3 Simple Joint Protection Techniques to Keep Your Body Healthy

3 Simple Joint Protection Techniques to Keep Your Body Healthy

While building muscle strength and lowering body fat are both important aspects of many workouts, they certainly shouldn’t be your only goals. Regular exercise yields other benefits, like increased mobility, better balance, improved endurance, and faster reaction times. And to achieve all of those, you need to make sure you’re protecting your joints along the way.

Here are three simple joint protection techniques to keep in mind as you work out and as you age:

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1. Work Within Your Range of Motion

During a strength training session, you might be tempted to push yourself and call it a challenge, but that can be very detrimental if you’re forcing yourself outside your accessible range of motion, according to Cody Braun, CPT, assistant manager of fitness at Openfit.

“As you gain mobility, you can start to exercise through that newfound range,” he says. “When you force exercises that are outside your strength and mobility capacities, you set yourself up for future problems.”

For example, when one joint doesn’t have enough mobility, the surrounding joints will pick up the slack even when they’re not designed for that, Braun says. Those compensatory movements can cause strain, impingements, and other joint issues.


2. Focus on Stability

woman athlete planking on yoga ball | joint protection techniques

Building muscle strength around a joint creates a framework that alleviates pressure on the joint itself. Focusing on areas where that’s most effective can be helpful for improving joint function throughout the body, Braun suggests.

“A solid foundation of core and shoulder stability, as well as glute strength, can minimize the opportunities for joint issues up and down the body,” he says. “Often, people think they need to lift as heavy as possible with as much range as possible, but by working smarter with more control, you can save your joints and get results.”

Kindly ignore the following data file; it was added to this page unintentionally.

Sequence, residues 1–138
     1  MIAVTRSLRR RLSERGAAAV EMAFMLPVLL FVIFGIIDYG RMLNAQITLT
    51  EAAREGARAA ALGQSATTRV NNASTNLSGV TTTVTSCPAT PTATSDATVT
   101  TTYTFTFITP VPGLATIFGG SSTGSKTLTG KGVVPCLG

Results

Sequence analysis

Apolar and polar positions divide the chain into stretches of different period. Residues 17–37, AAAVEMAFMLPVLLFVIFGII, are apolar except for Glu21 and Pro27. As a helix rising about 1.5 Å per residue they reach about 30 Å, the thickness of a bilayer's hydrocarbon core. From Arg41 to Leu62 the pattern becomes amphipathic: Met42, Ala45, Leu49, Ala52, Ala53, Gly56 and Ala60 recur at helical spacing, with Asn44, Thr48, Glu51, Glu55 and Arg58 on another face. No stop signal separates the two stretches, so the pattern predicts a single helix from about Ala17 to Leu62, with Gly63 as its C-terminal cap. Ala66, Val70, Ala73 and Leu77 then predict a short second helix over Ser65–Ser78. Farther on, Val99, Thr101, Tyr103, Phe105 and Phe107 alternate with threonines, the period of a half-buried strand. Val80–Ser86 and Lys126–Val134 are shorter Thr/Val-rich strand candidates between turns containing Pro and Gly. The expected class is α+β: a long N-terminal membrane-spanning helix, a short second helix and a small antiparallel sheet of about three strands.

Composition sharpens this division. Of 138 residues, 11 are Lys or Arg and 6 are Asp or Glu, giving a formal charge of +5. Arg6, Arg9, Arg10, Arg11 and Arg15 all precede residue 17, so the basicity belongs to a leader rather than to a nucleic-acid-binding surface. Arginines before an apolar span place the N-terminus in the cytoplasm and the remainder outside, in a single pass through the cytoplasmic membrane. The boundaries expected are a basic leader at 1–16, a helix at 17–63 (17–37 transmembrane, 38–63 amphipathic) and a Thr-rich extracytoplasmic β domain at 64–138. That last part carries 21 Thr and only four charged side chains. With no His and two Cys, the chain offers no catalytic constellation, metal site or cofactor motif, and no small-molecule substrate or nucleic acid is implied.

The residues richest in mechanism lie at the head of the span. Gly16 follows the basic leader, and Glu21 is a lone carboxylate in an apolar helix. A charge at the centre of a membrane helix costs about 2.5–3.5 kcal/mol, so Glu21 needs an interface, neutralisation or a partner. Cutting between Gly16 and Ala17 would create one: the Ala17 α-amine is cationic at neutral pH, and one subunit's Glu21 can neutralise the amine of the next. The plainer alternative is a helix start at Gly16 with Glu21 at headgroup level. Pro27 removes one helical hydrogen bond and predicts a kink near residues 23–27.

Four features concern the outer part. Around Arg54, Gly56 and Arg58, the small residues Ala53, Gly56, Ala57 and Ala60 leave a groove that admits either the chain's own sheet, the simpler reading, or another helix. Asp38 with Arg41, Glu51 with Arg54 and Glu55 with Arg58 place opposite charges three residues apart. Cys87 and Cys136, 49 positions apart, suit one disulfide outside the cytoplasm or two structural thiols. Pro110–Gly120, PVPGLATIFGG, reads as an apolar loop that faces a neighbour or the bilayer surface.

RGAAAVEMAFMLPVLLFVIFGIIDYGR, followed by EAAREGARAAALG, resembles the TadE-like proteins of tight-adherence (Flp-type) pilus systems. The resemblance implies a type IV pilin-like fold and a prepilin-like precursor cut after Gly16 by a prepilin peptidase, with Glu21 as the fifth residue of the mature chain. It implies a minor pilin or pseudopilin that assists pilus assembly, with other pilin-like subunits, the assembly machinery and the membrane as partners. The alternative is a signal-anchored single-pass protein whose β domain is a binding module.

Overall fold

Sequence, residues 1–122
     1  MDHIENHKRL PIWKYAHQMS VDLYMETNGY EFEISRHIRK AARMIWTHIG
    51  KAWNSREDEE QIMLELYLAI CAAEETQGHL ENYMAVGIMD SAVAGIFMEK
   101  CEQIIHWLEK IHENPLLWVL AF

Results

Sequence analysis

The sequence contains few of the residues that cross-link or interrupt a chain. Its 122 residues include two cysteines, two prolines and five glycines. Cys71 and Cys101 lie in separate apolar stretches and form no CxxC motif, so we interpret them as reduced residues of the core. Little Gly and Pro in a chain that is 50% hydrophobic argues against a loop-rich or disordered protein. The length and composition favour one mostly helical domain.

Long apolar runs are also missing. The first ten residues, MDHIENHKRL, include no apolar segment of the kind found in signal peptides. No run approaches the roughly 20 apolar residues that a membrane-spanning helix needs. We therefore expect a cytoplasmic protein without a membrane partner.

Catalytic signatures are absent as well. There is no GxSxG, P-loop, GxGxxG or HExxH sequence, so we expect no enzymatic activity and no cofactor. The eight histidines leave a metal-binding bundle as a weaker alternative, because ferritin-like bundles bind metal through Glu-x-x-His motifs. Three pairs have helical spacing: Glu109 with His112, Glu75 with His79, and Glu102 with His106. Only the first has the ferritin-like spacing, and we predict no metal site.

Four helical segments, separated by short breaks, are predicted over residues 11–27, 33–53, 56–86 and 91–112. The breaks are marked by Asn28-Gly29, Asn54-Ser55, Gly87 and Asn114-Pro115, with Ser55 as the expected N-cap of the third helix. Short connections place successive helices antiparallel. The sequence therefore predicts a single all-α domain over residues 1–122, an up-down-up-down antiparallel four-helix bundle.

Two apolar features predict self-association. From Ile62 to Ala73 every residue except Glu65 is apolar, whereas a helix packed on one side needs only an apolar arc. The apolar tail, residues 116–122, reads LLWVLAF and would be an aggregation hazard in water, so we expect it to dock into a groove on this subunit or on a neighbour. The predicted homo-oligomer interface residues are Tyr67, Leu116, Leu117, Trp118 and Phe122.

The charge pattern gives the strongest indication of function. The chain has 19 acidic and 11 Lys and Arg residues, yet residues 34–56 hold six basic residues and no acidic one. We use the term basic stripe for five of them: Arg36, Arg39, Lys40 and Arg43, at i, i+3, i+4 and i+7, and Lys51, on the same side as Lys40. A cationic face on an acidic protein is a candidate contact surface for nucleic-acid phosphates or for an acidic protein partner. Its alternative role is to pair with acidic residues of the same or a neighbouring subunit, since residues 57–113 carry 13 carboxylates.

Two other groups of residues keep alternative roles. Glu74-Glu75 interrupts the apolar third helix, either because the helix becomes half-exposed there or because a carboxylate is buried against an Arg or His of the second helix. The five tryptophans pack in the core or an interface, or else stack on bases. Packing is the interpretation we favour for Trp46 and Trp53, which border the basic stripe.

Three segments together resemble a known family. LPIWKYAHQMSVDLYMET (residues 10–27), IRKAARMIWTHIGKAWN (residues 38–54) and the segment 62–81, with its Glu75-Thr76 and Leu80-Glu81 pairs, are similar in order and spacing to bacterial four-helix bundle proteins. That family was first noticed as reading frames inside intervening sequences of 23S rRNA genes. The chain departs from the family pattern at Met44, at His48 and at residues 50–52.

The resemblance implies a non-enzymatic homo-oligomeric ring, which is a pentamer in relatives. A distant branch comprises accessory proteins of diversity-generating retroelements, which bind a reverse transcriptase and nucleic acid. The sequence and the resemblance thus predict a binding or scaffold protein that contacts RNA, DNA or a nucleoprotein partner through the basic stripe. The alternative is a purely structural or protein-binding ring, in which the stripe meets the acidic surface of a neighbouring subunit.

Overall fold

One way to create more stability and strength without putting stress on your joints is through low-impact workouts, especially those that focus on core strength. For instance, Xtend Barre is a low-impact, total body workout that helps you increase your range of motion and create stronger core muscles.


3. Check In With Your Doctor

Although hearing pops and cracking in the joints is normal, especially for older people, pain and swelling shouldn’t be part of the mix, says Steve Yoon, MD, a physical medicine and rehabilitation physician and director of The Regenerative Sports and Joint Clinic at Cedars-Sinai Kerlan-Jobe Institute in Los Angeles.

If your joints feel slightly achy, that’s very different than sharp pain or throbbing, along with sudden inflammation and redness that could indicate something may be wrong, says Yoon. That could just be a strain caused by a tendon stretching too much, but it’s also possible to develop a hairline fracture that would get worse without attention. If you experience any acute pain (or soreness that persists for more than a few days), stop exercising and consult your doctor.

“Typically, pain in a joint is an overuse injury, so it’s possible your physician will just recommend a different approach with how you’re exercising, for example,” he says. “But the first step is to see pain as a red flag that should be investigated, to make sure subsequent exercise won’t be making the issue worse.”